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By Missy England
April 28, 2016
According to U.S. Census Bureau data, the number of construction establishments in 2007 was 729,345. The Great Recession winnowed this number by nearly 20 percent so that in 2012 (the latest year for available data), only 598,065 companies remained. The construction firms that survived didn't do so out of luck or happenstance. Using more accurate budgeting techniques and financial projections, these establishments streamlined their operations, improved efficiencies, and pivoted in response to the changing economic landscape.
Indeed, a telling stat for these companies is that while the average number of employees dipped from 10.03 per establishment in 2007 to 9.48 per establishment in 2012, the value of business done per employee increased 1.8 percent, from $237,000 to $241,000, during this same time period. This indicates the construction firms that survived the tumult caused by the Great Recession managed to obtain greater value per employee, thereby boosting profitability with less personnel.
While construction managers can rely on better leadership skills and other motivational techniques to boost worker productivity, these are much more difficult to quantify and measure. However, by creating better accounting and budgeting forecasts with more precise cost estimates, construction firms can better position themselves to optimize employee workloads and operational workflows, ensuring costs are contained and profits continue rising.
One of the main hurdles many construction industry project managers face is properly categorizing and classifying the various expenses, costs, and other overhead necessary for a job. Without accurately isolating and delineating the wide variety of capital outflows, it can be next to impossible to match these to inflows, let alone forecasting long-term correlations between the two.
According to The American Institute of Architects, construction executives and project managers should divide all capital costs into three different components: site, soft, and hard.
Site costs:These are the fees associated with the initial stages of development and includes the cost of the land or plot and any development expenses, such as title insurance, transfer taxes, demolition, and site work.
Soft costs:These are costs that are less physically obvious and not directly related to the building materials or labor. Sometimes soft and site costs can overlap during the development phase, but soft costs are usually incurred to move the project forward. These may include fees associated with architects, engineers, and other professional consultants, as well as project implementation necessities such as land surveys, soil testing, lab planners, expert consultations, and printing costs for blueprints and building specifications. One soft cost that is becoming increasingly important for commercial real estate planning is LEED Certification. As noted by Fundrise, construction firms generally allocate an additional 2 percent of the hard cost budgets for LEED Certification, and roughly $150,000 in soft costs.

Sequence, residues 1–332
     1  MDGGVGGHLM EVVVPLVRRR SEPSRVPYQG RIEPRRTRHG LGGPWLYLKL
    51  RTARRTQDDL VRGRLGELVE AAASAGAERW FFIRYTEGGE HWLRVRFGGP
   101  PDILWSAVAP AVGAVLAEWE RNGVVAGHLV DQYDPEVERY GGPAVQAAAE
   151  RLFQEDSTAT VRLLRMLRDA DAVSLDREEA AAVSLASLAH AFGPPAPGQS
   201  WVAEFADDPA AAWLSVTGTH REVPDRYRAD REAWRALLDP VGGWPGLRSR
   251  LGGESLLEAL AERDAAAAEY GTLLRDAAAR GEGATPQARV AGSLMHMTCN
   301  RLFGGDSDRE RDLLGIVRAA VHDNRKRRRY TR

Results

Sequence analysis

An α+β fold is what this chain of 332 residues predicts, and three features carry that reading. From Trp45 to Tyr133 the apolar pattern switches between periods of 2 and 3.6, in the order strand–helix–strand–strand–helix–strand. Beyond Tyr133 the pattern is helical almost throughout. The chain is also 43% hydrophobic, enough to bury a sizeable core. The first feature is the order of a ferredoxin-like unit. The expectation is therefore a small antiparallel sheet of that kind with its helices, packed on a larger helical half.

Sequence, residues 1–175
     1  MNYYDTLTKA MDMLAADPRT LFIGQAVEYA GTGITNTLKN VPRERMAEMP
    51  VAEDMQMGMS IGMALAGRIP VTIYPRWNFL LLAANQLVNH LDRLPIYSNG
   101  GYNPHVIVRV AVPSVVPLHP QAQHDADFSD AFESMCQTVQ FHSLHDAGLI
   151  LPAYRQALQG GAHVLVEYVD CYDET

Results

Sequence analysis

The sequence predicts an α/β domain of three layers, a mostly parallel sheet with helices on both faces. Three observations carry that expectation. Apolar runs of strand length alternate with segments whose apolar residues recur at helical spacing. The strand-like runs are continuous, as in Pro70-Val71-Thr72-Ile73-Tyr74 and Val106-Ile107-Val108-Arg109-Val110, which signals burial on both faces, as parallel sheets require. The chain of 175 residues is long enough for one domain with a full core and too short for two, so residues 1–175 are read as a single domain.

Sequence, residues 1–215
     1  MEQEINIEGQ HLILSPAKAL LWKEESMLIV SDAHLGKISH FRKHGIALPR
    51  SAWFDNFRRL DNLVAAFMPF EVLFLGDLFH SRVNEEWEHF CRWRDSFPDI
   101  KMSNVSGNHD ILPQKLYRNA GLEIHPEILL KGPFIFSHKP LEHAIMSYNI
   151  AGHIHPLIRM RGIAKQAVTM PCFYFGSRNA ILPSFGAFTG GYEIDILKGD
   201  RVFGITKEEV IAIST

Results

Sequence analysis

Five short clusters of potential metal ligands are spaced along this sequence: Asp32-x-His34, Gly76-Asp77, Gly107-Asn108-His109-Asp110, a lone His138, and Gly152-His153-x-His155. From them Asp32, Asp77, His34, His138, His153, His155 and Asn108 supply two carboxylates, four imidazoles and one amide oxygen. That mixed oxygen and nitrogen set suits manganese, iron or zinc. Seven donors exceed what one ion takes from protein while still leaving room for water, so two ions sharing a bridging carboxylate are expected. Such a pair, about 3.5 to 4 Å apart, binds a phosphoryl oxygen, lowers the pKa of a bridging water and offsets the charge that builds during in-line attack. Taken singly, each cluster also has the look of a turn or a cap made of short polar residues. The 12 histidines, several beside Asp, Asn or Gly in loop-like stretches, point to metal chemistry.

Hard costs:This covers most of the tangible expenses associated with a particular project, such as the materials, labor, equipment, general requirements, contractor's overhead, and a mark up. These might also include all relevant utilities, mobile storage units, fencing, partitions, and other items to maximize on-site safety. Hard costs vary by market, with places like New York City, San Francisco, Boston, and Chicago on the more expensive side of the spectrum, and cities like Atlanta, Houston, and Dallas on the cheaper end, according to data from Fundrise. In addition, depending on the type of building, cost breakdowns will vary from one project to the next.
With so many categories of costs and the wide range of variables these expenses can include, it's imperative that construction firm executives and project managers have the right financial tools at their disposal to handle, store, process, and analyze all of this crucial data. However, despite the profound fiscal benefits that construction financial software provides for firms in this industry, it's surprisingly underutilized.
According to a 2015 study of prospective buyers in the construction industry conducted by Software Advice, a software research and review site, 52 percent of industry respondents still use pen and paper for estimating costs and budgeting forecasts. With more than half of these construction firms relying on this analog method, they limiting their growth and profit potential.
Using a cloud-based construction financial tool allows firms to keep all of this important information stored in a digital repository that is instantly accessible by all relevant team members. This means the accounting department can view real time financial data to ensure that each project has accurate estimates, costs committed, and overall cost exposure.
Further, since all of the data is stored in the cloud, it's much easier for executives and managers to crunch the numbers and analyze different aspects of the budget. This informs the company of what's working, what's missing, and what to expect in the quarters and years ahead. Companies continuing to use pen and paper or spreadsheets to manage their projects are quickly falling behind that gain a competitive edge by implementing software.
The Anatomy of a Request for Information (RFI)
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